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Baier, Annette, and . Reflections on How We Live

2010, Oxford: Oxford University Press.

Back Matter: The pioneering moral philosopher Annette Baier presents a series of new and recent essays in ethics, broadly conceived to include both engagements with other philosophers and personal meditations on life. Baier’s unique voice and insight illuminate a wide range of topics. In the public sphere, she enquires into patriotism, what we owe future people, and what toleration we should have for killing. In the private sphere, she discusses honesty, self-knowledge, hope, sympathy, and self-trust, and offers personal reflections on faces, friendship, and alienating affection.

Comment: The essays in this book are self-contained and accessible conversation starters. A number of them would make good initial readings for a class or unit on political ethics (concerning toleration, nationalism, and patriotism), friendship and love (concerning trust, friendship, and intimacy), and the ethics of reproduction and population.

Jeffers, Chike, and . The Ethics and Politics of Cultural Preservation

2015, Journal of Value Inquiry 49(1-2): 205-220.

Summary: Jeffers offers an account of the moral permissibility, and moreover, praiseworthiness of cultural preservation for the sake of the continued existence of cultural groups. He defends this argument against challenges about inauthenticity and incoherence leveled by Jeremy Waldron and Sam Scheffler. In a political context, Jeffers argues that cultural preservation can be obligatory as a component of resistance against colonialism and racism.

Comment: This text is readily applicable to a variety of cultural practices that constitute part of a cultural heritage or practice. It offers thoughtful considerations for discussion concerning the reasons one might have to engage (or not) in a particular cultural artistic practice.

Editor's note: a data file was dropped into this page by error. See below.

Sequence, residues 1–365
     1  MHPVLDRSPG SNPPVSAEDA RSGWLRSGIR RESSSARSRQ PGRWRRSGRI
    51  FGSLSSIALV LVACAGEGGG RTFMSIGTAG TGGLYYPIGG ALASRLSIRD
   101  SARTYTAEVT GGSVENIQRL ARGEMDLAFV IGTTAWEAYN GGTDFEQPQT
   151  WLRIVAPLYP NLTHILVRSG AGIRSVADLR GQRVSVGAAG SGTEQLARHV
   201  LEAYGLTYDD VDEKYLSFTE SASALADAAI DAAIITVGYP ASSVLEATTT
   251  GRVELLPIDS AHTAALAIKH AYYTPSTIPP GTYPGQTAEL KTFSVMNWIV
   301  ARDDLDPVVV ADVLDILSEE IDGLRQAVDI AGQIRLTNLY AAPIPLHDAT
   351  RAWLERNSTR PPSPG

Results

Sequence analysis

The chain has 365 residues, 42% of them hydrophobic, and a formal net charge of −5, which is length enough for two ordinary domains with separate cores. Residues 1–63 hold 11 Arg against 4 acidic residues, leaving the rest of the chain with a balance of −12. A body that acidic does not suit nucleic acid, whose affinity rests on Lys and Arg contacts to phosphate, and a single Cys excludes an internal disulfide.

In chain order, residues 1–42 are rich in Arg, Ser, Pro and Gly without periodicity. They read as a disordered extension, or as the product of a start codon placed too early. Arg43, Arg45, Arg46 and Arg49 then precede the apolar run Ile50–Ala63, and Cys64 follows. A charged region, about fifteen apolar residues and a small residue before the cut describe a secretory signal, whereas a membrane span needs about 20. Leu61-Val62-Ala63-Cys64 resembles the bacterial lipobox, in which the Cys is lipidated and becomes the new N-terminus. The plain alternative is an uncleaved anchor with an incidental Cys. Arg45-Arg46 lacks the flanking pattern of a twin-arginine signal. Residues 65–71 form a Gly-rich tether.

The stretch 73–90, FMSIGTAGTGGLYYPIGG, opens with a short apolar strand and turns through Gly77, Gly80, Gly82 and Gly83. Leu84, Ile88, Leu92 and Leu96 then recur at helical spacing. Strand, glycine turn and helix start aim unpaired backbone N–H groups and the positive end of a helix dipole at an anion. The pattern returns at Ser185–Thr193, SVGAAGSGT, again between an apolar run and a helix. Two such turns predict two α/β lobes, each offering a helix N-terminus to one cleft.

Kelly, Erin, and McPherson, Lionel. On tolerating the unreasonable

2001, Journal of Political Philosophy 9(1): 38–55.

Diversifying Syllabi: Justice requires us to acknowledge the claims of morally or philosophically unreasonable persons, as long as they are politically reasonable; such people must be tolerated and considered part of the social contract. Toleration as wide public justification is the proper response to the pluralism characteristic of modern democratic societies.

Comment: This text is useful as a commentary or response to the debate about (un)reasonableness and legitimacy sparked by Rawls. More specifically, it offers a distinction between political and philosophical reasonableness, which the authors use to argue against interpreting or developing Rawls's political liberalism in a less tolerant direction. The section on Barbara Herman's 'Pluralism and the Community of Moral Judgment' helpfully distils a major faultline within liberal political philosophy.